A Republican takeover of the House of Representatives and other election victories yesterday may spell trouble for U.S. subsidies that benefit ethanol producers including Archer Daniels Midland Co., after the party pledged to cut government spending.
Democrats lost at least 60 seats in the House and at least six in the Senate, short of the number needed for Republicans to take control of that chamber, after most votes were counted. That prompts leadership changes that may include Frank Lucas of Oklahoma taking over as chairman of the House Agriculture Committee from Collin Peterson of Minnesota. Senate farm-panel chairwoman Blanche Lincoln's defeat may put fellow Democrat Debbie Stabenow in that position.
New Tea Party and conservative lawmakers who made federal deficit reduction a campaign theme may make it more difficult to maintain money for farm programs, which have been criticized as wasteful, said Saxby Chambliss of Georgia, the top Republican on the Senate Agriculture Committee. An early cost-cutting test will be whether a lame-duck Congress extends a 45-cents-a-gallon tax credit for blenders of ethanol that added more than $4.7 billion to the deficit last year, he said.
"There are folks who ideologically don't want to see the tax credit," and those legislators will be emboldened by the public support at the polls, Chambliss said in a telephone interview last week.
Before the new lawmakers take office in January, Congress may seek a short-term extension of the tax credit at 36 cents a gallon, said Kevin Book, the managing director of Clearview Energy Partners LLC. That's less than extensions supported by the industry, including Poet LLC, the top biofuels maker; Decatur, Illinois-based Archer Daniels, the largest U.S. grain processor and the second-biggest producer of ethanol; and smaller companies including Green Plains Renewable Energy Corp.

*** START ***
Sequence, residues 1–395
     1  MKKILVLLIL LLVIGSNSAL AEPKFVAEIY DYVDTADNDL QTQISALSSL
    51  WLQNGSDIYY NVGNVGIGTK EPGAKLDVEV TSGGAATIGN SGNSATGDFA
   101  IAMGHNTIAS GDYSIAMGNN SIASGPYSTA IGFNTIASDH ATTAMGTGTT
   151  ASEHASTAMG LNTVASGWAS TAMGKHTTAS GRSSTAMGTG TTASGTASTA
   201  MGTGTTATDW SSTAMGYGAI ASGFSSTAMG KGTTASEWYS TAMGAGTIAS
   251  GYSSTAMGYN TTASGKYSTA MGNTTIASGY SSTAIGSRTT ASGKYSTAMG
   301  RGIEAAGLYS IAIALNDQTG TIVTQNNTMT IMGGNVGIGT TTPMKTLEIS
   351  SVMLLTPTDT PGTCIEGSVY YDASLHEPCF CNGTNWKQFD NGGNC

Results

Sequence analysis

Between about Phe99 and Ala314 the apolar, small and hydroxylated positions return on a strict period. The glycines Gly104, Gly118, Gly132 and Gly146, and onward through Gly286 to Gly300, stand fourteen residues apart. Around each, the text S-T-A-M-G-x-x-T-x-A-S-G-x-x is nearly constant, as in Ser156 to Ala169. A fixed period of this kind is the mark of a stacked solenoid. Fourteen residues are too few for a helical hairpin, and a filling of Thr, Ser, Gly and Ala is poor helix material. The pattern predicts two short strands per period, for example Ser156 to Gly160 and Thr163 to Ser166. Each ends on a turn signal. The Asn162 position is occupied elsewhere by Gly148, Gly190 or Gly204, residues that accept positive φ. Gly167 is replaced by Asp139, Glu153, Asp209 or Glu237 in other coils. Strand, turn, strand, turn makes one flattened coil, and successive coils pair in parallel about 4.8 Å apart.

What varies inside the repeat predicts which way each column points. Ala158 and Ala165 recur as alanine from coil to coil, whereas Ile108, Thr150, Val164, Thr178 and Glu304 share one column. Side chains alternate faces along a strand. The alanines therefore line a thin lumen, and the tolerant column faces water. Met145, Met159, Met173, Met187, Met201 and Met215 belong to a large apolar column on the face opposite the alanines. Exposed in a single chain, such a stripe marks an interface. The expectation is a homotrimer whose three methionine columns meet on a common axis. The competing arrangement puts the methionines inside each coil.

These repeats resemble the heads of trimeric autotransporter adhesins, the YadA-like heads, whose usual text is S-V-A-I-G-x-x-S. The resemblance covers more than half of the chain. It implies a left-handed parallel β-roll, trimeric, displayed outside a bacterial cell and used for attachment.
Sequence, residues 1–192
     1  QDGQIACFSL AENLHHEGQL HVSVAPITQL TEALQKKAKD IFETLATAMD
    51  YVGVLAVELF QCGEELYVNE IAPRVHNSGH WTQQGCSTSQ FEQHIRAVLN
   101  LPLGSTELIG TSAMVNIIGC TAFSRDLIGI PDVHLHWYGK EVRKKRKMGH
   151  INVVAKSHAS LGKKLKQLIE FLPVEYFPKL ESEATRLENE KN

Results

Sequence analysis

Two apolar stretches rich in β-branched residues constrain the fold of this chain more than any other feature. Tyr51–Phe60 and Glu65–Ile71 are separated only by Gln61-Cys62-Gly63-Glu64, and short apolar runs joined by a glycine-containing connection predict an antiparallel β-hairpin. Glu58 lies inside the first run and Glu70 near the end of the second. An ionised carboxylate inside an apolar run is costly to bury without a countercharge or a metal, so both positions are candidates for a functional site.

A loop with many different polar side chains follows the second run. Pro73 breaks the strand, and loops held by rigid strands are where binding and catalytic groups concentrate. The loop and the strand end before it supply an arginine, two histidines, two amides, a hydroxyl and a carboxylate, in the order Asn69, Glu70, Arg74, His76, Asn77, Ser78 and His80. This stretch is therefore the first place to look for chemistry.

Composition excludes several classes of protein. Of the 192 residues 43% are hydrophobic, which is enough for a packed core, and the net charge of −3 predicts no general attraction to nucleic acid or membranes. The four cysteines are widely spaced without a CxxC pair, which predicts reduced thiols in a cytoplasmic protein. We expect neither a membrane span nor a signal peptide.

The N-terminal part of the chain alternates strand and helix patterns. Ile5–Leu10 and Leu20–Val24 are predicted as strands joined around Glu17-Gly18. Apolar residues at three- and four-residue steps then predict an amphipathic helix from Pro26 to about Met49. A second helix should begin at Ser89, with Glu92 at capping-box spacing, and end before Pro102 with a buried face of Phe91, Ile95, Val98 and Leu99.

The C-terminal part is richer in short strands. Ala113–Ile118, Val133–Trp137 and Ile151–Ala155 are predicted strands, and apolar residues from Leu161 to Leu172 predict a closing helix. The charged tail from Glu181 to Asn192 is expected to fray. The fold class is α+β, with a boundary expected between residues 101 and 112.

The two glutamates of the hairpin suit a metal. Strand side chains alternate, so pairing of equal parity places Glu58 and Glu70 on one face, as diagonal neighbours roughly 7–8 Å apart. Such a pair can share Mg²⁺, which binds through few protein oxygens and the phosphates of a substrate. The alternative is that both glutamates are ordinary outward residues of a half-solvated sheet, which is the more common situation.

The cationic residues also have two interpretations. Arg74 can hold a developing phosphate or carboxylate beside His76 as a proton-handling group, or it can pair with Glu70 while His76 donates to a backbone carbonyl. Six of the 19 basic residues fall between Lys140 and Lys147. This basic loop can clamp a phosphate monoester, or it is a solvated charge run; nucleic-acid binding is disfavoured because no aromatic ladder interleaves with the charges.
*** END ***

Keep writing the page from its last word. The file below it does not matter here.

Keeping the credit will be "an uphill battle," and doing so will be more important than its size, said Robert Dinneen, the president and chief executive officer of the Renewable Fuels Association, a trade group that includes ADM and Pacific Ethanol Inc. among its members. He said the key to maintaining support will be to tie ethanol production to jobs, a clear concern of voters, he said.
"I don't want to see plants shut down," and jobs lost should the credit expire, he said.
Biofuels will retain support in Congress because ethanol remains important to the economies of rural, farm-state Republicans, Book of Clearview Energy said. The U.S. is the world's largest producer and exporter of corn, the main crop used to make ethanol. Still, the long-term prognosis of federal support for the fuel is "grim," he said.
A more-conservative Congress will bring a new skepticism toward President Barack Obama's efforts on biofuels, environmental regulations and climate change, said Gary Blumenthal, the chief executive officer of World Perspectives Inc., a Washington agricultural consultant.
With more Republicans, Congress will be more critical of the Environmental Protection Agency, Chambliss said. Lucas has called for regular oversight hearings on the EPA, which farmer groups including the American Farm Bureau Federation, the nation's largest, say puts undue burdens on farms, as well as agribusinesses including DuPont Co., a maker of pesticides, and Tyson Foods Inc., a livestock and meat producer.
"We're going to see much more oversight of the EPA and USDA," Chambliss said. "Farmers are aggravated by the EPA, which stands above the rest in its overreach."
A divided Congress also may upend plans to pass a new farm bill in 2012, a goal pushed by Peterson, Chambliss said. The $300 billion, five-year bill, which is set to expire in 2013, authorizes all farm-program spending as well as food stamps and projects that support poor families and rural development. It benefits companies including Bunge Ltd. and Cargill Inc. by encouraging production, which lowers the cost of raw materials.